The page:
Lawmakers are working through the August recess to cobble together legislation on data privacy after missing a deadline they set to unveil a bill before the summer break.
Advocates for a federal data privacy standard are feeling a time crunch as they fret over the limited number of days left in this session and the upcoming 2020 elections.
Most importantly, California's strict new privacy law is slated to take effect in January, raising the stakes for lawmakers who were hoping to pass a federal law before the stringent state-level rules go into place.
“We’re waiting with bated breath to see what will come out of these discussions,” said Heather West, senior policy manager at privacy-focused tech company Mozilla.
August is known as prime time for staffers to buckle down in their legislative discussions because they’re no longer bogged down by daily votes and hearings.
Industry watchers told The Hill that this month they’re mainly paying attention to the ongoing negotiations between Sens. Roger WickerRoger Frederick WickerGOP senator will 'probably' vote for debt limit increase Rep. Tim Ryan becomes latest COVID-19 breakthrough case in Congress Top Republican: General told senators he opposed Afghanistan withdrawal MORE (R-Miss.) and Maria CantwellMaria Elaine CantwellLooking to the past to secure America's clean energy future Democrats demand more action from feds on unruly airline passengers Delta variant's spread hampers Labor Day air travel, industry recovery MORE (D-Wash.), the chairman and ranking member, respectively, of the tech-focused Senate Commerce Committee.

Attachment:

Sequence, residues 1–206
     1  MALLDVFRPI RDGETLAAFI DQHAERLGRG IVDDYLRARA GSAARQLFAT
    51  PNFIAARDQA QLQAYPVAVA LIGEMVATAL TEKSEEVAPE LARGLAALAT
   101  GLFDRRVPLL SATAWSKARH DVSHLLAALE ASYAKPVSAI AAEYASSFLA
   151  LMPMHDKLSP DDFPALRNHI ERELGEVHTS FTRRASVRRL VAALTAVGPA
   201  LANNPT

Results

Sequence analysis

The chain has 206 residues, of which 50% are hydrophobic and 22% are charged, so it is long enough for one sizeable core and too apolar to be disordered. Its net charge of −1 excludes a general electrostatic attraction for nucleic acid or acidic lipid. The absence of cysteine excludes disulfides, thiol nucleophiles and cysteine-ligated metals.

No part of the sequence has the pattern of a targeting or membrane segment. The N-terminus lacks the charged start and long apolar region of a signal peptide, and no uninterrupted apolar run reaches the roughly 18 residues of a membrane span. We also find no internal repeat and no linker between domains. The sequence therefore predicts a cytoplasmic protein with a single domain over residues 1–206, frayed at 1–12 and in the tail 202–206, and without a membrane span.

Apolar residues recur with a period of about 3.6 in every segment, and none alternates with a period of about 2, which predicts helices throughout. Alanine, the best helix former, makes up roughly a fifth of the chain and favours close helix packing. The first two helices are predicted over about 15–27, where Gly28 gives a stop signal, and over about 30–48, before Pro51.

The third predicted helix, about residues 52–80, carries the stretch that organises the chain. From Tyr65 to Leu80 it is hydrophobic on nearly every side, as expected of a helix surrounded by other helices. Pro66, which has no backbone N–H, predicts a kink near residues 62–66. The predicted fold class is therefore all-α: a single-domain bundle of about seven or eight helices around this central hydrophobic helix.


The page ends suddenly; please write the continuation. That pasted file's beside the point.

Wicker and Cantwell began negotiating directly after the Washington Democrat earlier this year backed away from a larger Senate privacy working group, which includes other members on the Commerce Committee.